The groundbreaking World Boxing Council Clean Boxing Program (CBP) reflects the vision of our Lifetime President and Leader Don José Sulaimán.
Don José´s leadership changed the way we look at boxing by emphasizing his efforts to protect all participants’ health and safety in WBC-sanctioned bouts and the sport of boxing worldwide.
In 2015, the WBC joined forces with the premier anti-doping organization globally. Plus, the Voluntary Anti-Doping Association in Las Vegas, Nevada. Presided by Dr. Margaret Goodman to create the WBC CBP.
Since its creation and implementation, the WBC CBP has set the paramount standard for anti-doping testing programs in professional boxing sport worldwide.
The association of the WBC and VADA, and the way the WBC CBP is structured, has allowed complete transparency and objectivity in selecting boxers to be tested, the collection of samples, the testing, and the management of whereabouts failures and adverse findings.
The WBC Clean Boxing Program comprises out-of-competition. Also, in-competition anti-doping testing protocols that involve both male and female boxers.
Every WBC World Champion, op 15-rated male fighter, and top 5-rated female fighter must mandatorily enroll in the WBC CBP.
Failure to comply with the established WBC CBP protocols or any Adverse Finding gives rise to the Results Management involvement, resulting in diverse penalties.
Penalties can include but are not limited to fines, suspension from WBC-related activity, deletion from the WBC ratings, participation in mandatory testing programs.
The WBC has issued numerous rulings. It has entered into several adjudication agreements with boxers who, after a thorough investigation, have been found responsible for ingesting banned substances.
On December 4, 2020, the U.S. President signed an anti-doping legislation that affects a “major international sports competition” in all sports, including unarmed combat sports.
The Rodchenkov Anti-Doping Act of 2019 criminalizes doping offenses that take place in international competitions.
For instance, the Act defines “international competitions” as:
(a) in which one or more United States athletes and three or more athletes from other countries participate.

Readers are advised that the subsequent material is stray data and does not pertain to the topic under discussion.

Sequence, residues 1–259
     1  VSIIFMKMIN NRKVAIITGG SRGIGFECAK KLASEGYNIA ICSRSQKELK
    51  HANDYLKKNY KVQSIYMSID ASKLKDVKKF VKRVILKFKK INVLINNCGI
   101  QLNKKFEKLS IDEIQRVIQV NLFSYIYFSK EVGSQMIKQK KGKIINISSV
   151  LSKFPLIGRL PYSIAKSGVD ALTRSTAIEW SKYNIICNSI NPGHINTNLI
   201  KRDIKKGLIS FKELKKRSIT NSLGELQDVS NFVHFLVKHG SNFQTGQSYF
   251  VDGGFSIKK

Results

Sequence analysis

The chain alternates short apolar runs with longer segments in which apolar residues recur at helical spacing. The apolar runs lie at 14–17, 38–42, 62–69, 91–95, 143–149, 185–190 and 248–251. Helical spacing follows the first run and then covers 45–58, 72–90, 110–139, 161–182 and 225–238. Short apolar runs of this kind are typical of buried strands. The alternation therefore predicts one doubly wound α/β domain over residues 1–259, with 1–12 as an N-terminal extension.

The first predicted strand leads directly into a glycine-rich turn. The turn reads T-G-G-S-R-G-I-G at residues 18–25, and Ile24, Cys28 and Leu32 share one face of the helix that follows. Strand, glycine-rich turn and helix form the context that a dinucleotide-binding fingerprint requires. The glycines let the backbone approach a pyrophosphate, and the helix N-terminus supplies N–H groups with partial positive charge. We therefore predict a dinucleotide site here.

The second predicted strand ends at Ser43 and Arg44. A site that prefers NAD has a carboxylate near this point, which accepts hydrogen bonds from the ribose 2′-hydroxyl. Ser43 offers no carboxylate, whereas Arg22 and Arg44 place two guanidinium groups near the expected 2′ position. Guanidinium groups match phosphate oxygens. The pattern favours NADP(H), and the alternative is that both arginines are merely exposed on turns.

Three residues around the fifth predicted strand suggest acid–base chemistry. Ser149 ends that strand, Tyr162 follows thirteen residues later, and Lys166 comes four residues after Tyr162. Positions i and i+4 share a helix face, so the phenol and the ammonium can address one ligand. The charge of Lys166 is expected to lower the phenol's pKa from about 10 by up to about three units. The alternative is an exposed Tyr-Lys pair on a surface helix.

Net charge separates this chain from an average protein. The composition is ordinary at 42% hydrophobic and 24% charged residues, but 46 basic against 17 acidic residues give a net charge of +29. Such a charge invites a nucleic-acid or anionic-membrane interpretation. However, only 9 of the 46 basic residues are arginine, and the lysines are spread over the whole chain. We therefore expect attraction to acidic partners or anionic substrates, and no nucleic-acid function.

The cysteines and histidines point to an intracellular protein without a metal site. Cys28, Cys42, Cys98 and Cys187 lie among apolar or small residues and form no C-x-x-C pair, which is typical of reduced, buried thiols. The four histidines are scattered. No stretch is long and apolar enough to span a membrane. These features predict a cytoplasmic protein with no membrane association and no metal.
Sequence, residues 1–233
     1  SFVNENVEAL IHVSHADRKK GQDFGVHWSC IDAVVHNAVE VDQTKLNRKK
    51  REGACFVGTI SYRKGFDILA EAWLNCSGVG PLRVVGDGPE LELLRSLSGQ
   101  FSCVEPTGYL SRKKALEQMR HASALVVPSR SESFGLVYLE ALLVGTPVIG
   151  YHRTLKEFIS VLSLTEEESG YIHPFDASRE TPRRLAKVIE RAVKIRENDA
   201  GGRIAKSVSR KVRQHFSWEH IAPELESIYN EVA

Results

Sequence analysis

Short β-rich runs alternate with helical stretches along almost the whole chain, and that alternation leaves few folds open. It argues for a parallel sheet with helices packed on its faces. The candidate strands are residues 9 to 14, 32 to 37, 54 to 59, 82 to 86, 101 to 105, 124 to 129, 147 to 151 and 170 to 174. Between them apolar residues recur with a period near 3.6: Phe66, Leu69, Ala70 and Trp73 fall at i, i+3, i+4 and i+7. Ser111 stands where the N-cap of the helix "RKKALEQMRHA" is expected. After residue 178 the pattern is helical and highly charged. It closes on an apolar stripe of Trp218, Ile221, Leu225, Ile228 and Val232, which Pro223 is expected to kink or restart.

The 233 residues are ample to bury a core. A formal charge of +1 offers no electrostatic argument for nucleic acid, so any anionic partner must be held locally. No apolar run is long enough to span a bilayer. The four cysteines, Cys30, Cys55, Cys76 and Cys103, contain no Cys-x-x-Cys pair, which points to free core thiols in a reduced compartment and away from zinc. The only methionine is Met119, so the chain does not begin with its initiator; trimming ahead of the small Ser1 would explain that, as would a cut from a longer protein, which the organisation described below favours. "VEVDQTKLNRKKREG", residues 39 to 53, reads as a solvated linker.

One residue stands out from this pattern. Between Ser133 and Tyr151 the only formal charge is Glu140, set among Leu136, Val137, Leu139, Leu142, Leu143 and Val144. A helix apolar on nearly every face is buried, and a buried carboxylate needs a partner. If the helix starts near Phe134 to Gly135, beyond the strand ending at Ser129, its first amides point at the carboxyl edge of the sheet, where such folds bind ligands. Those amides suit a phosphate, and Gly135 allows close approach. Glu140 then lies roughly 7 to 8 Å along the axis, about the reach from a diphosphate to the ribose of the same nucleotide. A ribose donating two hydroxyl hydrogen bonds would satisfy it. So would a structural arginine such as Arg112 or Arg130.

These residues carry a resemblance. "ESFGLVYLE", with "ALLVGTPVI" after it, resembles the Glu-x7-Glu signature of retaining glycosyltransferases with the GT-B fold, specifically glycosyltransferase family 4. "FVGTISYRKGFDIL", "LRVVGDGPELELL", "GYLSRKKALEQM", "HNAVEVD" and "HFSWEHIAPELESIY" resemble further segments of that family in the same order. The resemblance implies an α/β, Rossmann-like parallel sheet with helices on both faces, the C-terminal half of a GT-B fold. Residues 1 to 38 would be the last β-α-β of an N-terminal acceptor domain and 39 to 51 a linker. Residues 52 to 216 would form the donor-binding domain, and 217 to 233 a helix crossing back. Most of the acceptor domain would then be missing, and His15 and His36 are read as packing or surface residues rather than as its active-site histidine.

(b) that is governed by the anti-doping rules and principles of the World Anti-Doping Code, most recently adopted by WADA on March 5, 2003.
(c) The competition organizer or sanctioning body receives sponsorship and financial support for compensation for the right to broadcast the competition in the United States.
Accordingly, almost all major unarmed combat sports cards and tournaments fit that definition. Besides, they fall within the Rodchenkov Act’s prescriptions.
The full text of the act may be found at https://www.congress.gov/bill/116th-congress/house-bill/835/text.
The Rodchenkov Act application includes single events or “a competition that consists of a series of events held at different times which, when combined, qualify an athlete or team for an award or other recognition,” such as a tournament.
It appears that where doping offenses are found, the information should be turned over to the appropriate U.S. Attorney’s office henceforth (in addition to whatever punishment the governing entity metes out).
The Rodchenkov Act applies to Performance Enhancing Drugs only. But not to so-called recreational drugs.
Upon learning of the enactment of the Rodchenkov Act, World Boxing Council President Mauricio Sulaimán stated: “The Act affirms the mission of the WBC Clean Boxing Program as my father envisioned it.
“This is to encourage all participants in boxing events and matches to practice clean boxing.
“It is also consistent with the purpose of the WBC CBP to encourage boxers, trainers, and camps to implement rigorous control of any substance the boxer puts in his or her body.
“Such practices result in protecting the health and safety of boxers. And the integrity of the sport.
“The success of the WBC CBP and the wide participation of boxers throughout the world provide a great framework for enacting such important legislation in the USA.”
VADA President, Dr. Margaret Goodman added: “The passage of the Rodchenkov Act by the US Congress is historic. It’s certainly a crucial move in the fight against doping.
“Therefore, it acknowledges the importance of clean, fair sport.
“This also stresses the dangers involved in not only those who use performance enhancing drugs. But those who participate in the production, dissemination, and encouragement of these dangerous substances for personal gain or profit.
“It supports all the World Boxing Council CBP and VADA have been doing. Besides, they continue in their plight against PED use in boxing.”
Certainly good news for boxing.
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